American Society for Metabolic and Bariatric Surgery

Released June 25, 2015; Last reviewed 2019

  1. 1

    Avoid an open approach for primary bariatric surgical procedures.

    Compared to an open surgical approach, laparoscopy offers several advantages including shorter hospital length of stay, and decreased morbidity and mortality.

  2. 2

    Avoid routine postoperative antibiotics.

    An appropriate selection and dosage of a preoperative parenteral antibiotic should be administered within a designated time frame to patients undergoing bariatric procedures as prophylaxis against surgical site infection. Extending the duration of prophylactic antibiotics may increase the risk of superinfection with Clostridium difficile and the development of antimicrobial resistance.

  3. 3

    Don’t routinely use the intensive care unit for postoperative monitoring.

    Most patients undergoing bariatric surgery do not require an intensive care unit for postoperative monitoring which can have higher rates of nosocomial infections and expose patients to resistant microorganisms.

  4. 4

    Don’t routinely remove the gallbladder unless clinically indicated.

    Although infrequent, the incidence of bile duct injury rates has increased since the introduction of laparoscopic cholecystectomy. Major and even minor bile duct injuries can result in life-altering complications with significant morbidity and cost. Removal of normal and asymptomatic gallbladders at the time of bariatric surgery has not been shown to be necessary and may expose a patient to possible risk of complications without proven benefit.

  5. 5

    Avoid routine use of invasive monitoring.

    Arterial and central venous catheters are associated with risk of nosocomial infections and associated morbidity. Objective data does not support routine use of invasive monitoring for patients undergoing bariatric procedures at this time.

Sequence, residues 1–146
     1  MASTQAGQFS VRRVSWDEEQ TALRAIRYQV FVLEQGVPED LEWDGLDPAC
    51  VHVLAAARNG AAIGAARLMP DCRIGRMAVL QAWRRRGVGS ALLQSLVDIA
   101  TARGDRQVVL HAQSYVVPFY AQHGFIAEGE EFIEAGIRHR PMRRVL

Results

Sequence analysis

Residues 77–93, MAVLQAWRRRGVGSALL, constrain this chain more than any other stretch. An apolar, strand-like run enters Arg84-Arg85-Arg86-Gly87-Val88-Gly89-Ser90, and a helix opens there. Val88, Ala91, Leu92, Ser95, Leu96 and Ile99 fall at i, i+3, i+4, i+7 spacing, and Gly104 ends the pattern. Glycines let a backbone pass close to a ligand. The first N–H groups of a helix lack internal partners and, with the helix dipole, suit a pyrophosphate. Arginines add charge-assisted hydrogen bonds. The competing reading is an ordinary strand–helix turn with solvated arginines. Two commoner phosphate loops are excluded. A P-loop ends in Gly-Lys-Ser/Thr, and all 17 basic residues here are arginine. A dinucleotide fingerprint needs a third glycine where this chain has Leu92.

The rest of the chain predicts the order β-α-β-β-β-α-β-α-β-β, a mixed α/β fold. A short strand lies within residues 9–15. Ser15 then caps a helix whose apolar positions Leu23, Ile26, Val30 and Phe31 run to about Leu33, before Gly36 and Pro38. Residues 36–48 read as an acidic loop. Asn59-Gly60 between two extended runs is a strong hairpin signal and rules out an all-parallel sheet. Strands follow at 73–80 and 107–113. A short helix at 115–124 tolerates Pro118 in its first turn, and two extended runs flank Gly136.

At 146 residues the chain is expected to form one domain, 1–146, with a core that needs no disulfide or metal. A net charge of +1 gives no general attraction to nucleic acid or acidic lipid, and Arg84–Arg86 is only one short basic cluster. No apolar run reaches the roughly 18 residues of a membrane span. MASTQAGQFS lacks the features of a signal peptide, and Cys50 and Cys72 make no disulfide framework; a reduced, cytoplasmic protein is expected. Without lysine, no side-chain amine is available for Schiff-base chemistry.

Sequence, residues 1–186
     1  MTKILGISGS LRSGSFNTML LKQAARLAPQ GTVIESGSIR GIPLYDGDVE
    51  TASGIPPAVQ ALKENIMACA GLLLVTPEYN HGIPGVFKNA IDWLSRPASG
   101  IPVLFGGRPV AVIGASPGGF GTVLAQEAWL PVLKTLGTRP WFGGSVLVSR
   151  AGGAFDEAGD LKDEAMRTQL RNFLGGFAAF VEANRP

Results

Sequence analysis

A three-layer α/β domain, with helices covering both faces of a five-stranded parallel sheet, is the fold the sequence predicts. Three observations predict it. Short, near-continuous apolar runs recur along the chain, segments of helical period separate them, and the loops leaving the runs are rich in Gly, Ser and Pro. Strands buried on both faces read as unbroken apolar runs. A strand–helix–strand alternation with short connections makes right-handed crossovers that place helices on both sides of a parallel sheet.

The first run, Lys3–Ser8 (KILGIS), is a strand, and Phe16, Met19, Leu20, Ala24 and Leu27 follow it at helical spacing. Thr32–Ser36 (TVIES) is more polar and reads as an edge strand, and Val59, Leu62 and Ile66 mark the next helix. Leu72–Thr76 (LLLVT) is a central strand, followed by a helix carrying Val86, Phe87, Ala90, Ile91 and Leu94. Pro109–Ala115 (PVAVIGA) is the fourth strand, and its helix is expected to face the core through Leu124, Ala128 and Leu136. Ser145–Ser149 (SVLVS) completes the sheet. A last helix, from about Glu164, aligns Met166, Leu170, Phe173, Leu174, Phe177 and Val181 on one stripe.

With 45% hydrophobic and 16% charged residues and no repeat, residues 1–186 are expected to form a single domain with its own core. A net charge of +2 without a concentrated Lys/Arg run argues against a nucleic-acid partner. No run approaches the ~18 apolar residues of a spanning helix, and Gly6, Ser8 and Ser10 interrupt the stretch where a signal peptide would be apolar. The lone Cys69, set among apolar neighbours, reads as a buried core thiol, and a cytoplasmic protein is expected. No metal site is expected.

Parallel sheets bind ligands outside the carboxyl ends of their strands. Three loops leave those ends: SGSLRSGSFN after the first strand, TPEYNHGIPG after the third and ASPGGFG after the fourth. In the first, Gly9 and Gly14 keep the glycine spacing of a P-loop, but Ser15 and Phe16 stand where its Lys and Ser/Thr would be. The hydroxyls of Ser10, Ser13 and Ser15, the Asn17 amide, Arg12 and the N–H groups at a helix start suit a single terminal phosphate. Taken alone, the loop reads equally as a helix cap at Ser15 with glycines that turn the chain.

These items are provided solely for informational purposes and are not intended as a substitute for consultation with a medical professional. Patients with any specific questions about the items on this list or their individual situation should consult their physician.

The American Society for Metabolic and Bariatric Surgery (ASMBS) is the largest society for this specialty in the world designed for surgeons and integrated health professionals. Founded in 1983, the purpose of the society is to advance the art and science of metabolic and bariatric surgery by continually improving the quality and safety of care and treatment of people with obesity and obesity-related diseases by: (1) Advancing the science of metabolic and bariatric surgery and increasing public understanding of obesity; (2) Fostering collaboration between health professionals on obesity and related diseases; (3) Providing leadership in metabolic and bariatric surgery for the multidisciplinary management of obesity; (4) Advocating for health care policy that ensures patient access to prevention and treatment of obesity; (5) Serving the educational needs of our members, the public and other professionals.

For more information, visit

How This List Was Created

The American Society for Metabolic and Bariatric Surgery (ASMBS) initially solicited expert opinion from surgeons who are members of the Clinical Issues Committee. This committee is responsible for drafting guidelines and position statements for the ASMBS. We also received input from the Executive Council of the ASMBS to narrow the original list down to those with highest priority.

For ASMBS’ disclosure and conflict of interest policy, please visit


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